I got a little tearful today watching a video of Chantele, a donor-conceived woman, talking about the effect on her life of the shame she felt after finding out at the age of eight that she was donor-conceived.
The video was highlighted on Olivia’s view, a blog about donor conception written by one of the co-founders of the UK’s Donor Conception Network, and is from The Victorian Assisted Reproductive Treatment Authority (VARTA) in Melbourne, Australia. (The concept of a Victorian assisted reproductive treatment authority reads a little oddly – what would that have involved, smelling salts and bed rest, leeches?)
Chantele began to be bullied at school around the same time as she found out and, not allowed to tell relatives outside the immediate family, grew up with a sense of shame she carried into her adult life. Having met her donor and established a good rapport with him and his kids, she felt his wife was unhappy at their relationship, which furthered her sense of shame. Things came to a head around the time of Chantele’s wedding, when she finally told her family it was their shame, not hers, and that she was proud of who she was and her origins.
Chantele’s main message to the (prospective) parents of donor-conceived children was to deal with their own issues before they have their children and to be open with their families. Children need love, support, openness and honesty, and that is all.
I’m nowhere near pregnant but I’ve thought a few times about the evolving types of conversation I would have with my small child about the kind man who helped him or her to be born, the ways babies are usually made and the different types of family out there. In reality, I’m sure it’s a tough thing to broach at first and I imagine you are always going to be blindsided later on by questions when you least expect them. But I can see how it must help to have dealt with your own worries and to have prepared the manner in which you plan to approach the topic, even practised what you are going to say. And to have a well-thought-out and calm response to those who don’t agree with you or understand so that your child can see this is not a big issue or cause for embarrassment or tension.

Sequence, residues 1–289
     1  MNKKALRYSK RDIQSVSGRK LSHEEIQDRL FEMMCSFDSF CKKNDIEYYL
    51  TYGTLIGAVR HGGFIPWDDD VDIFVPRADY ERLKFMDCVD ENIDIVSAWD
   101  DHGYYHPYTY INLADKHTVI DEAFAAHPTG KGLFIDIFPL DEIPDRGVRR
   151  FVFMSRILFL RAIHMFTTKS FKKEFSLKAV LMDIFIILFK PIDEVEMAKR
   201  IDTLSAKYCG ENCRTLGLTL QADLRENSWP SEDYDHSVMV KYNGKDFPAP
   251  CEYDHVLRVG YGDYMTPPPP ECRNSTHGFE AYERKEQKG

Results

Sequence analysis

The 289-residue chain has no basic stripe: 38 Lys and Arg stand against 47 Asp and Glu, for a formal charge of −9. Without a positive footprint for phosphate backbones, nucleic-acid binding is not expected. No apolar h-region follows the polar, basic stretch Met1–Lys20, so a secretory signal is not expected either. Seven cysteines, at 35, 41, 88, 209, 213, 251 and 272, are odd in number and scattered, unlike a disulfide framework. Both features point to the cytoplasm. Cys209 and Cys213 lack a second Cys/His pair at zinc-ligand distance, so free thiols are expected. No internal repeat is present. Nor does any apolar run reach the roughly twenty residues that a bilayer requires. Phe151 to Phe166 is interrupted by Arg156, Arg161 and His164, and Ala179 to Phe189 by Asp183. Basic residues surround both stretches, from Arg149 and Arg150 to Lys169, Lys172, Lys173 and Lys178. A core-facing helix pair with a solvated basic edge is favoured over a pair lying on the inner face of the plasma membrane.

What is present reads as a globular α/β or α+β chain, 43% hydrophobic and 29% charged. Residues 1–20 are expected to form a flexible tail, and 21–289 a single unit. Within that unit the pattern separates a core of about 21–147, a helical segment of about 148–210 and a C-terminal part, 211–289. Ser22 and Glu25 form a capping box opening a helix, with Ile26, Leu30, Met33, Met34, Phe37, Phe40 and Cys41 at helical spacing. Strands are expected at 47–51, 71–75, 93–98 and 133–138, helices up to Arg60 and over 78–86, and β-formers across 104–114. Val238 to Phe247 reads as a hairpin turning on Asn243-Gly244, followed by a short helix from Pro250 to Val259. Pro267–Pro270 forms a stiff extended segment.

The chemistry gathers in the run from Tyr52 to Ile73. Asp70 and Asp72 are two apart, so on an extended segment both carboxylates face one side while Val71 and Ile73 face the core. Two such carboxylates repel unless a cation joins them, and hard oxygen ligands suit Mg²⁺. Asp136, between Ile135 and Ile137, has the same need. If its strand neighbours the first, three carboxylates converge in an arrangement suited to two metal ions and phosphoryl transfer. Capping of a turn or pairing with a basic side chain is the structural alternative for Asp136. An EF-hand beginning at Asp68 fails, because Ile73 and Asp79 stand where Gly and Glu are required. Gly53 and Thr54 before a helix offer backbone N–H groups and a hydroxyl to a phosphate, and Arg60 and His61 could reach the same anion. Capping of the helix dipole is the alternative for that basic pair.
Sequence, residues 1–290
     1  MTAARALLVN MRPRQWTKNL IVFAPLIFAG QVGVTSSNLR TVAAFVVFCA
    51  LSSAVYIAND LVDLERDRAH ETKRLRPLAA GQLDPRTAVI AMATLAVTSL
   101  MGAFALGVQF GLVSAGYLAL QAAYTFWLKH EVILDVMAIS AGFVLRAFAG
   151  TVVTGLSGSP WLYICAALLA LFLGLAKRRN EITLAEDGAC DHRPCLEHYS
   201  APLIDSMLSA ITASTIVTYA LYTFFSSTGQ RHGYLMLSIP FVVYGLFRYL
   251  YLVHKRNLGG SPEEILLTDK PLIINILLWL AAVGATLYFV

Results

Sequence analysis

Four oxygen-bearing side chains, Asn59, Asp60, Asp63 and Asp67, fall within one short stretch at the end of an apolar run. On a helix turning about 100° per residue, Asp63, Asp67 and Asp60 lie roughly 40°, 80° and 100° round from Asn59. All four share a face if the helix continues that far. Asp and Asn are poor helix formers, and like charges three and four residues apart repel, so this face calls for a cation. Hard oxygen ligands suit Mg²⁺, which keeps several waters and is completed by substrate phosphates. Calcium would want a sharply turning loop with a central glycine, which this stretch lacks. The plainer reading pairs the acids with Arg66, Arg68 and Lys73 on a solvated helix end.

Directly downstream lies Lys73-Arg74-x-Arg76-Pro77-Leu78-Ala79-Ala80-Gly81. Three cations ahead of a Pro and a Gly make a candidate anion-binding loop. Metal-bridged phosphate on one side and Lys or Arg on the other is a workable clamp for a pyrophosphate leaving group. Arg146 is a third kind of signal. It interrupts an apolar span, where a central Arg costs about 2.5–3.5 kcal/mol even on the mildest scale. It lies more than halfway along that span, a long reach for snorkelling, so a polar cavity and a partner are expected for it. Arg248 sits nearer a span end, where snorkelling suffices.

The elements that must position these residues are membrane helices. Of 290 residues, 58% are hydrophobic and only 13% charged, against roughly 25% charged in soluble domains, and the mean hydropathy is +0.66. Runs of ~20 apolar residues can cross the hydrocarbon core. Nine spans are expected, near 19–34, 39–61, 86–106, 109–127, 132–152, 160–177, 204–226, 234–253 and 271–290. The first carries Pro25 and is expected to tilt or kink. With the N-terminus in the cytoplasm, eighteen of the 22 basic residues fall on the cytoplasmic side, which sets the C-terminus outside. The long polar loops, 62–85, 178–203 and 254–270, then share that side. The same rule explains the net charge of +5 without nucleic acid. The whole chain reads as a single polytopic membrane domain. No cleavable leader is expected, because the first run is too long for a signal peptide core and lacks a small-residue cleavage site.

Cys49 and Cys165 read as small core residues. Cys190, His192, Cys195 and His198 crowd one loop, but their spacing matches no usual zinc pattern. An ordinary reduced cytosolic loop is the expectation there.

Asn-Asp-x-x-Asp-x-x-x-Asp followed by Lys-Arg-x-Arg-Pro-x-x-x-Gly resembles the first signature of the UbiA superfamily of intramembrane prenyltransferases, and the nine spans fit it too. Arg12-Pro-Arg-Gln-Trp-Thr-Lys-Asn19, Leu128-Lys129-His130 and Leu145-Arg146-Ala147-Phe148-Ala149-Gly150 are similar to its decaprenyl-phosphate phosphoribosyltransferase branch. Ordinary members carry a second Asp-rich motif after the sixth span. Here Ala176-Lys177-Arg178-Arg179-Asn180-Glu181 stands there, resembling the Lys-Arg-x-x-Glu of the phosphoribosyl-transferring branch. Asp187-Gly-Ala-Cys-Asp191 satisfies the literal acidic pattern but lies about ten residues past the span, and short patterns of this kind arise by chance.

Another video on the VARTA site was heartening and upbeat – Riley’s parents were open about his origins from day one, so much so that he couldn’t remember when they told him. He had absolutely no issues about being donor-conceived, though he admitted that his two, also donor-conceived, siblings had slightly different experiences/reactions.
The other two videos on the VARTA page are also very watchable and thought-provoking. As are the materials I think I’ve mentioned before from the Donor Conception Network on talking and telling about donor conception.
We’ve come a long way in 30 years.